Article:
Commuter Health

David Cameron isn’t a fan of the European Union, Britain’s weather is unpredictable and being manager of Chelsea is a thankless task. One thing I’ve noticed more than any other, having spent a semester commuting is the British public’s head shaking. No gesture screams disapproval more than a vigorous shake of the head. Next time the station announcer informs you of a delay just take a look down the platform and witness Britain’s version of the Mexican Wave.

Normally it’s hilarious to watch tens of waiting passengers shaking furiously like a line of Churchill Insurance dogs. Even more entertaining is the eye contact with fellow commuters seeking approval of their disapproval.

To my great amusement I found myself standing at Edinburgh Waverly station shaking my head. The British are apparently notoriously good at queuing. Well the 17.43 to Inverness is quite different. Crowds of men and women huddle around the six carriage doorways twenty-five minutes before departure to get on to the train first. Surely it’s not always like this? Incidentally I normally get the earlier train – which isn’t much different. When the yellow button flashed ‘I’m open’ it didn’t take a second invite to slow the rabble that unfolded. Stampede at the Next sale; free-for-all to end all free-for-alls. Jackets and luggage sprawled across tables and seats. From a surprising early arrival I’m overwhelmed with the fight to secure a seat. I dived into the first free seat I spotted, put the headphones on and continued to shake my head vigorously.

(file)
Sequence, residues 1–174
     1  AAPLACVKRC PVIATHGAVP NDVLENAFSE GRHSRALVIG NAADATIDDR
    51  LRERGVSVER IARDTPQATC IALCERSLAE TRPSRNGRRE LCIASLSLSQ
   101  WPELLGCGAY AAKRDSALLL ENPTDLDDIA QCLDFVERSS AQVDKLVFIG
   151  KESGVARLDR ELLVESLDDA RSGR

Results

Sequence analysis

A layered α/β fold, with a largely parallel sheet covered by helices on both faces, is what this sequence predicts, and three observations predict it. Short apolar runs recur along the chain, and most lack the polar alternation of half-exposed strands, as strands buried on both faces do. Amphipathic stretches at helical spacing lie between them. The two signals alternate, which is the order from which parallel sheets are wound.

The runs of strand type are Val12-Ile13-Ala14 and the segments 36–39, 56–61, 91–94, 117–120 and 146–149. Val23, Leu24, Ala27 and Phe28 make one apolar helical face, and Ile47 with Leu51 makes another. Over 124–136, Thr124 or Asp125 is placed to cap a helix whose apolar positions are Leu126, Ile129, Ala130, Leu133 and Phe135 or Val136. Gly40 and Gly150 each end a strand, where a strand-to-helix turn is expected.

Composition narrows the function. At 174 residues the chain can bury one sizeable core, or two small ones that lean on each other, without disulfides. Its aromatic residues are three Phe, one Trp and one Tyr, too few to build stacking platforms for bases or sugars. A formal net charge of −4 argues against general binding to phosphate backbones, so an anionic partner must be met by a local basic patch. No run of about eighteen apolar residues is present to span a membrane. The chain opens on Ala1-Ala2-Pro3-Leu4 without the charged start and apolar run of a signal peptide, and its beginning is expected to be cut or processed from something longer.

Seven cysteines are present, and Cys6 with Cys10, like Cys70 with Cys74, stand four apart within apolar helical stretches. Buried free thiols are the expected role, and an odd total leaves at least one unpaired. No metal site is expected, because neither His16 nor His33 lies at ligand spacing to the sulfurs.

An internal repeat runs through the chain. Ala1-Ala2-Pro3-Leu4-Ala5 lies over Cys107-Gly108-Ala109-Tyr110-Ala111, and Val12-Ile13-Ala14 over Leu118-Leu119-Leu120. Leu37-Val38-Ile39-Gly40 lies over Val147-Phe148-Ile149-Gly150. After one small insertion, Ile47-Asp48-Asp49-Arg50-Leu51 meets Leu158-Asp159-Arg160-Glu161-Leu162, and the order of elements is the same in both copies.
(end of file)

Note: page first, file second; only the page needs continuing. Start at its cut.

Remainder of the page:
Late public transport is a health and safety hazard!


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